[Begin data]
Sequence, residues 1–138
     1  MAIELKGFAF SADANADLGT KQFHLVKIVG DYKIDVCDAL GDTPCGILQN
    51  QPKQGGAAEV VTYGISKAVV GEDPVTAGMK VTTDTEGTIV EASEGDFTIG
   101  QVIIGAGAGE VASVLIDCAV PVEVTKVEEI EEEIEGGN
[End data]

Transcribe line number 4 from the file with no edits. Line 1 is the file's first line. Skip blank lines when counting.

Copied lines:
   101  QVIIGAGAGE VASVLIDCAV PVEVTKVEEI EEEIEGGN